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House GOP caucus to discuss gambling bill today

The Alabama House Republican Caucus meets this morning to talk gambling. 

A group of Alabama House members who last year began studying illegal gambling in the state and possible legislative fixes will present some of their findings and suggestions for a bill in the session that starts Feb. 6.

No bill has been filed yet.

“For decades, all forms of illegal gaming have flourished in Alabama,” Rep. Andy Whitt, R-Harvest, told Alabama Daily News on Tuesday. Whitt, a leader in this ad hoc group looking at what lottery and gambling legislation might, finally, pass the House. Last summer, he road-tripped through the state visiting illegal casinos.

“It is my hope that fellow legislators will recognize this massive problem and finally tackle the issue,” Whitt told Alabama Daily News on Tuesday. “Simply doing nothing is no longer an option. It is the wild west and it needs to be stopped.”

Expanding legal gambling and allowing for the sale of interstate lottery tickets would also be a money maker for the state. A lottery would require a constitutional amendment put before voters. If lawmakers pass a bill in the upcoming session, it could be on the November ballot when turnout will be high for the presidential election.

Some groups are gearing up to fight any expansion of gambling in the 2024 session. The Alabama Policy Institute last month released a study detailing its position on why expanded gambling is problematic for the state and its future. API President Stephanie Smith said the goal was to “set the record straight on the perils and exaggerations associated with bringing more gambling to our state” so that state lawmakers are aware of “the realities of expanding gambling opportunities to generate supposedly ‘free money.’”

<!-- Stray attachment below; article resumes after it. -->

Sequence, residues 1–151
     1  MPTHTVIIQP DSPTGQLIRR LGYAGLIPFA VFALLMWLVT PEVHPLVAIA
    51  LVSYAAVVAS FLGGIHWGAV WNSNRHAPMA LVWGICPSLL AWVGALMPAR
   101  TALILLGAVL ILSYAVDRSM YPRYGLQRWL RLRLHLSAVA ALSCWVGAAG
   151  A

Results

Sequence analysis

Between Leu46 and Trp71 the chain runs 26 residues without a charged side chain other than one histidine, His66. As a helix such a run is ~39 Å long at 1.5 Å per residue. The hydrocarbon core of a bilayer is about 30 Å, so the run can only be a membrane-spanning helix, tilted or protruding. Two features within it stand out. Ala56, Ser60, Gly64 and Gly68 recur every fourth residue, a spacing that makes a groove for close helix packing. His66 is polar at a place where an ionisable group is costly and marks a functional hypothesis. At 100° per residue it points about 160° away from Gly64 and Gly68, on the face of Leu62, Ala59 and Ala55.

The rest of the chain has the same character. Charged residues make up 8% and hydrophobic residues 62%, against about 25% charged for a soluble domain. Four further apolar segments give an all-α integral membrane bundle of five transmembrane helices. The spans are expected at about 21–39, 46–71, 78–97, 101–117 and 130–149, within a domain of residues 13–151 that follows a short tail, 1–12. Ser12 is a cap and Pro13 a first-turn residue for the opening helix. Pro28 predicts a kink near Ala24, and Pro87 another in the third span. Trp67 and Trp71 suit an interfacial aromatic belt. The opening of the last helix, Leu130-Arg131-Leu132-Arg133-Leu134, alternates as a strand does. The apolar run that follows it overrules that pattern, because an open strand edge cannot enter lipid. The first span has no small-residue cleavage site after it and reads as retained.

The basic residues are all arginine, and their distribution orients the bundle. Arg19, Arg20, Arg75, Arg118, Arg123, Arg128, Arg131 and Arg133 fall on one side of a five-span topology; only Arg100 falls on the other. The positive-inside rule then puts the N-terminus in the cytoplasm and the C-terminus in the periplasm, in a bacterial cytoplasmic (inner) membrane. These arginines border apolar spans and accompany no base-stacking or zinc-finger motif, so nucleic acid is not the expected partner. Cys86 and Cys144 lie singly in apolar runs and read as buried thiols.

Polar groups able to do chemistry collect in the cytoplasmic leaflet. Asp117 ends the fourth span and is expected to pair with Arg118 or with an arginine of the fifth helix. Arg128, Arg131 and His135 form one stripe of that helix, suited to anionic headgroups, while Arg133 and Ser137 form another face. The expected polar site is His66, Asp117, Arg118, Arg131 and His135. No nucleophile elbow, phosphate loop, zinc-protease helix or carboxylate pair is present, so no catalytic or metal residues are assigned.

House Speaker Pro Tem Chris Pringle, R-Mobile, said Tuesday it will be the enabling legislation — the bill that outlines authority and enforcement of any lottery and gambling bill — that he’ll be interested in most. Lawmakers have one chance to get this right, he said.

“We can’t legalize it and then come back and fix it,” Pringle said. “You have to have the leash on that beast before you let it out of the cage, otherwise you’ll never get it back.

“We don’t want to be in the position we are in with the medical marijuana situation.”

He’s referring to the troubled process over the last year to issue state licenses to companies who want to grow, make, transport or sell marijuana products under a 2021 law. That legislation left the distribution of the licenses up to a new state commission.

“We need to know who’s going to be doing what, who’s going to be controlling what,” Pringle said.

Gambling bills have become regular features of legislative sessions. Most recently in 2021, a comprehensive bill legalizing a lottery, casinos and sports betting passed the Senate, but got bogged down in the House, where lawmakers couldn’t agree on the final details.

Sen. Greg Albritton, R-Atmore, sponsored that bill and after its defeat said the ball was in the House’s court.

“I’m waiting to see what the House brings forward,” he told ADN Tuesday about possible gambling bills. “My preference is that the House start this process and have this debate so that we can feel comfortable about voting on it again in the Senate. We don’t want to get into an effort of futility.” 

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